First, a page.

The Lightwave 3D Beginners Guide

must congratulate you to your first steps with Lightwave. The tutorial was only … the Guide, or even finished renders that were made out of the Vase-Tutorial. …

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The Lightwave 3D Beginners Guide 1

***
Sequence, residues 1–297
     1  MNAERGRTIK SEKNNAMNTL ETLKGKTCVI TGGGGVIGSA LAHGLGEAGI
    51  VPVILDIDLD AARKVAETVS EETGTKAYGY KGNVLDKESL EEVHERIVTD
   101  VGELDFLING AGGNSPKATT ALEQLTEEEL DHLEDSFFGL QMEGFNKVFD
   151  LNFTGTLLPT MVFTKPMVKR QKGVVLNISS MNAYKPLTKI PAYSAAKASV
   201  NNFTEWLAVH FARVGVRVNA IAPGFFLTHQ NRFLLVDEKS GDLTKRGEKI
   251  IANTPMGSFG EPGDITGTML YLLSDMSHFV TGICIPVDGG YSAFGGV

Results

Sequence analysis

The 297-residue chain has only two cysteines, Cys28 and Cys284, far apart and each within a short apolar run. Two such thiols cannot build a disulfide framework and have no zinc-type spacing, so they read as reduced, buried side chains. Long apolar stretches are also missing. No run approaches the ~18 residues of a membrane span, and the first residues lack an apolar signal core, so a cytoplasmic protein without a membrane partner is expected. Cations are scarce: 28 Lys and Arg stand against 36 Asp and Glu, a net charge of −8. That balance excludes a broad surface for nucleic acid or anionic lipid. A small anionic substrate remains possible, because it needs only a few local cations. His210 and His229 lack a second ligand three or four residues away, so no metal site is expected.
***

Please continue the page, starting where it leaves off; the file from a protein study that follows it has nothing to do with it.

The Lightwave 3D Beginners Guide By Erik Brimstedt So, you decided to venture into the world of 3D. All you have with you is your computer, your 3D software and your imagination. These are the three things that your really need when it comes to producing nice 3D art. To start out with, I will explain some basic parts when it comes to 3D so you ll get a somewhat idea of how it really works. All 3D programs out there are based on the same idea, where you build your objects, ‘skin them with textures, place them in a scene and render them. There are, however, a lot more that needs to be said about this. First of all, in any regular 2D paint program, you paint your pictures with the tools that are available in that program, and you can even paint 3 Dimensional pictures in a 2D program, but when it comes to animating the scene it gets worse, and this is why 3D programs was invented. When working with any 3D software, you are working with three so-called axes. These were invented to simulate the three Dimensions. In Lightwave, these three Dimensions are called X, Y and Z, and can be described as Left/Right, Up/Down and Near/Far respectively. The two main things that make an object are called Points and Polygons. To explain this as good as possible I will take a box object as an example. A simple six-sided box is built up by eight points, one in each corner. The sides of the box are the so-called Polygons, which are connected to the points. The Polygons are the ones you can see in the final render, and they are the ones that you give textures to. Much more can be said about how 3D works, but there you have it in the basics. If you keep on reading you will understand more of what I’ve just said, since we ll be doing a tutorial. 2 The Main Programs So, are you ready to begin the tour of Lightwave 3D? Good, lets load the program up, and the first screen you will be represented with should look like the one below. Picture 1: The Layout loaded 3 This is the Layout, and this is where you load objects you have created, give them textures, add lights, animate and render etc. There is one more part of Lightwave, and it is called Modeler. In the top right corner you should see a button named  Modeler , click that one and the Modeler should load up, looking something like this: Picture 2: The Modeler loaded 4 Getting to know Modeler I will start with Modeler, go through all the basics and then move over to Layout. You are now represented with four views. The Top left is called ‘top View and this is where you see your object from above. The bottom left is called  Face View or  Front View and this is where you see your object from the front. The bottom right is called ‘side View and this is where you see your object from the side, from the left actually. The Top right is called  Perspective View and you can change the view of the object as you please here. Push the  d key on the keyboard and an options panel will come up. This panel let’s you set the very basics of the Modeler. If it isn’t already set, change the Preview Type to  Open GL Smooth Shaded and Unit System to ‘sI . In the Visibility section, checkmark all the boxes but  Patch Polygon and click OK. To get full control over Modeler, I will give you an explanation over all the things you see. All three views Top, Left and Front are built up by so called Grids. The Grids are there to help you model as correctly measured objects as possible. In the very bottom left of modeler you should see what the current Grid size is (Picture 3). As default, it should be set to 500 mm. Above the Grid size, is the Position window (Picture 4). Here you have full control over where points etc are placed in the Lightwave universe. Picture 3: The Grid Size Picture 4: The Position Window The Modeler is based on two modes, Points Mode and Polygons Mode (Picture 5). If you read the first part of this guide you should know what the Points and Polygons are, if not, then move back to that section in the guide and read it, it is essential to know what Points and Polygons are. However, the two buttons are there to make it easier when working with objects, it gives you more control over the situation. Picture 5: The two Modes of Modeler 5 Just above the ‘top View window, you should see a row of Tabs (Picture 6). These divide Modelers Tools into categories.  Objects (Picture 7) is the one selected when you load modeler up. This is where you create primitive objects such as Boxes and Spheres. Try to click any of the Tabs and notice that the tool box (Picture 7) changes as you change Tab. Picture 6: The Tabs Picture 7: The Contents of the Objects Tab 6 The Objects Tab To try the different Objects tools out, click on the  Box Tool once. If you now move the mouse pointer over one of the three views Top, Left or Front, the pointer should be shaped like a small box. Keep the Box tool selected and click the Numeric button to the left. You will be represented with a window asking you for values that will shape the box. Accept the default settings and click OK. You should now see the shape of a box in all three views, but not the perspective view. Why not? Well, the box is not created yet. Click Enter now and the box will be created, also showing in the Perspective View. To spin the object around in the perspective view now, simply click somewhere in that View and hold the left mouse button down. Then move the mouse around and watch how the object spins as you move. You may now delete this object, so click the Delete Key on your keyboard to do this and the box will disappear. You may try the same procedure with any of the primitive objects. Click the ‘text tool and once more hit the Numeric button. A new panel will come up. In the Text string, write the word  Hello , or if you want to write something of your own, feel free to do so. Click the  Add True-Type button and add the font ‘verdana from the list (You may choose your own True Type but Verdana is what I used). Set the Axis to Z and  Alignment to  Center . Click OK and the text should appear in all the views but Perspective. Hit Enter to create the text. Now, this is the basic object we will be using to test the different tools of Lightwave Modeler on. As you can see, this object is still flat, it has got no depth, so lets add that. Click the  Multiply Tab and choose the  Extrude Tool. Bring up the Numeric panel by either clicking on it in the menu to the left, or by clicking the  n key on your keyboard. Set the Axis to Z, and enter 60mm for the  Extent option, leave the ‘segments to 1. Click OK and hit enter to perform the Extrusion. Now the text is really 3D. Spin it around in the Perspective View to see what it looks like. 7 The Modify Tab Enter the Modify Tab. Now we are going to try out a few of the tools here. Let’s start with the  Move tool. Click it once to activate it, and then move the mouse pointer to any of the three views Top, Left or Front and click the left mouse button. Hold it down and move the mouse around, watch how the object moves. If you release the mouse button now, the new position will be remembered. If you were not satisfied with the movement then simply click the  u key on your keyboard to undo the la